Inflammatory Bowel Disease
Ulcerative colitis and Crohn’s disease are collectively called inflammatory bowel disease (IBD). Both diseases result from chronic, uncontrolled inflammation in the digestive tract in the absence of an identifiable infection. The cause of IBD is currently unknown but a number of genetic, immunological and environmental risk factors have been identified.
Ulcerative colitis causes inflammation of the mucosal lining of the colon or large bowel. Crohn’s disease can affect any part of the digestive tract. The inflammation in Crohn’s disease can go through the wall of the bowel and extend into adjacent parts of the body causing fistulas and abscesses. The prolonged and uncontrolled inflammation of Crohn’s disease and ulcerative colitis can cause irreversible scarring and damage to the digestive tract over time.
Both Crohn’s disease and Ulcerative colitis vary greatly between individuals. Some people with these conditions will have very mild symptoms that require little or no long-term treatment. Unfortunately, in other people the diseases can be severe, requiring long-term treatment and sometimes surgery. The symptoms of IBD may include abdominal pain, diarrhoea, bleeding from the bowel, weight loss and fatigue. Some people with IBD will also have inflammation in other parts of the body such as the skin, joints and eyes.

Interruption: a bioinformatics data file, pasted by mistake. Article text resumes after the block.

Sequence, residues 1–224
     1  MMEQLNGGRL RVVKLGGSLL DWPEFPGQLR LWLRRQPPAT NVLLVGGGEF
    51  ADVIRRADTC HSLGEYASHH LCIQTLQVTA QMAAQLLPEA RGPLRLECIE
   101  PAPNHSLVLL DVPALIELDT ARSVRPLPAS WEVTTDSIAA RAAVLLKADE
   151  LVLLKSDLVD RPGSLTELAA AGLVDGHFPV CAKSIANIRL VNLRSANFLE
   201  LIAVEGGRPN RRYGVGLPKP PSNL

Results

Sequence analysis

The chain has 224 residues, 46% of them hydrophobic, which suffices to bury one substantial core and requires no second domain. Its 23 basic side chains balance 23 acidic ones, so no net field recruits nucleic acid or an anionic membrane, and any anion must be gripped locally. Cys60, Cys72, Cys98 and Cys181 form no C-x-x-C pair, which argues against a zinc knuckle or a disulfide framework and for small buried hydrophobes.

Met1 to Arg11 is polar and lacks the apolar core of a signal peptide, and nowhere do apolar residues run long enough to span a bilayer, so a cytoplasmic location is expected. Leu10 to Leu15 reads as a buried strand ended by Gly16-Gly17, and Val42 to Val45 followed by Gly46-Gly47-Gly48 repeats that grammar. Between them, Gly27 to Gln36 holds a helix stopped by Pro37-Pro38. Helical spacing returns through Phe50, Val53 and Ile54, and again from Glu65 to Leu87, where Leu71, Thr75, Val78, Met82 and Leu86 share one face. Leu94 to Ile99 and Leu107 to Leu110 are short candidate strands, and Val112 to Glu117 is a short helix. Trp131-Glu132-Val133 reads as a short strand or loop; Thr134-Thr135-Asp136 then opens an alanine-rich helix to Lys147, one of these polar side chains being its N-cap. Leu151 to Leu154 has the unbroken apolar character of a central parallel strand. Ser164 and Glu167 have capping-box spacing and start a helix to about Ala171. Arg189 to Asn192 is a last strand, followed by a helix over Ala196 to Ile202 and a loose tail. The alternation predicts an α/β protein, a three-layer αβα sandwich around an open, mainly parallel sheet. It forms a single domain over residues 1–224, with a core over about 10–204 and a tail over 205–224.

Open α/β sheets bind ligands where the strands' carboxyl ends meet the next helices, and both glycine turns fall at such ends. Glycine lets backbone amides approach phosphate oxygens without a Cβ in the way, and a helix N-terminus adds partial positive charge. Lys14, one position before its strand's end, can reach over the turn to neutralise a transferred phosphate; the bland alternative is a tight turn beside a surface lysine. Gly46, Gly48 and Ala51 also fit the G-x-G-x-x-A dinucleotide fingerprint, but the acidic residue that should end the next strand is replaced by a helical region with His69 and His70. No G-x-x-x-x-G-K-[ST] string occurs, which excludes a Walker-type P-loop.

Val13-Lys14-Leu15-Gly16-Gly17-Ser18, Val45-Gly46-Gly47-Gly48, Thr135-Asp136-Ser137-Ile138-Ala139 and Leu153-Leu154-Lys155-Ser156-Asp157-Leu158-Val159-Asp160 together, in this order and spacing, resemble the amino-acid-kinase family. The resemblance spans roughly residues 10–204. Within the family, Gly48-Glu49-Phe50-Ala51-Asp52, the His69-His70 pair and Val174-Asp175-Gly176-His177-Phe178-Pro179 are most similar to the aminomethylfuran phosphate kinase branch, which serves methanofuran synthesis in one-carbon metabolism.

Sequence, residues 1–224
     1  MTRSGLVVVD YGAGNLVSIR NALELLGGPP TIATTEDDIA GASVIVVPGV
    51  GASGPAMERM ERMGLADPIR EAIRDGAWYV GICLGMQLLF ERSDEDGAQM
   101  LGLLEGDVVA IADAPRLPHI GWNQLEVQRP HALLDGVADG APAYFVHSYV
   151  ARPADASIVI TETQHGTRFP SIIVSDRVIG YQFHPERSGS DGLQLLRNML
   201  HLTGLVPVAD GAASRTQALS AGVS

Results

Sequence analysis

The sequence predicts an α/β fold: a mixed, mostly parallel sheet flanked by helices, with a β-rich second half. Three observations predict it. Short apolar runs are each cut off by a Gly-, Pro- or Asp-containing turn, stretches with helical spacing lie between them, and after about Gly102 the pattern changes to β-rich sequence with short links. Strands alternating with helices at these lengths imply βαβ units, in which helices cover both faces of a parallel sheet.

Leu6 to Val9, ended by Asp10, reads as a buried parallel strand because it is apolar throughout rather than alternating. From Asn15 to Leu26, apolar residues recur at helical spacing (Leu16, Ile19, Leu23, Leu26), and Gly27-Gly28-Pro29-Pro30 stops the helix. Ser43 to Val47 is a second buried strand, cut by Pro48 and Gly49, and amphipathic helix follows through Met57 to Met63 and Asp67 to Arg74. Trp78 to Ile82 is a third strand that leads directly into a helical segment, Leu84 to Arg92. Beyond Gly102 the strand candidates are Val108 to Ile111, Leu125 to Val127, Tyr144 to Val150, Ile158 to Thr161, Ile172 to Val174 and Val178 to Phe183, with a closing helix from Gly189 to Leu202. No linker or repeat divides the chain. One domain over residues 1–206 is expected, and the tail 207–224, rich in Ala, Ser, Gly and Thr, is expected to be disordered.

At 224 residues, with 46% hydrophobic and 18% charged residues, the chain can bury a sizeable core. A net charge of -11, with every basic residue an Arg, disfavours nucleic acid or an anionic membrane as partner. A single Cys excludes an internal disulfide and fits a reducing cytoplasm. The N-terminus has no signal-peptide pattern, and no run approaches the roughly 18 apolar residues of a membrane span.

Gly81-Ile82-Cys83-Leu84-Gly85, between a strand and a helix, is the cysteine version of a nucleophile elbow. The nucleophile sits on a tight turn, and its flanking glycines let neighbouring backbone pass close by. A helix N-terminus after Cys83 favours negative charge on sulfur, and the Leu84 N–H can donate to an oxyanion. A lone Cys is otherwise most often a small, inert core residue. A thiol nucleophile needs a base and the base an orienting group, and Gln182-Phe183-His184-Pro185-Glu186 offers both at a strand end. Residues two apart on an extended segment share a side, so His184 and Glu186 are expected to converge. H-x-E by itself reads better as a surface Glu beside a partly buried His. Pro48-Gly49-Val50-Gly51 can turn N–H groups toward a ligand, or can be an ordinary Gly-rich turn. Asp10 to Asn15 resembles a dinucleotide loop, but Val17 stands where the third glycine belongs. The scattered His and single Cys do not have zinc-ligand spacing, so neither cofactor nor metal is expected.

In most people the symptoms of IBD fluctuate over time with periods of increased disease activity and periods when there is no identifiable inflammation at all. Unfortunately there is currently no cure for IBD. Ulcerative colitis can be ‘cured’ by the removal of the colon however the disease can usually be controlled without the need for surgery. There is no long-term cure for Crohn’s disease although both medications and surgery may provide long-term control of the disease.
IBD is usually diagnosed after seeing a gastroenterologist and having blood tests, stool tests and a colonoscopy. Other tests including gastroscopy, CT scan and MRI scans and wireless capsule endoscopy may sometimes be required.
The goals of treatment in inflammatory bowel disease are to control inflammation, eliminate symptoms and prevent disease complications and the need for surgery. Once the disease is controlled long-term medical treatment may be required to prevent further ‘flare-ups’.
For further information please see the Crohn’s and Colitis Australia website:www.crohnsandcolitis.com.au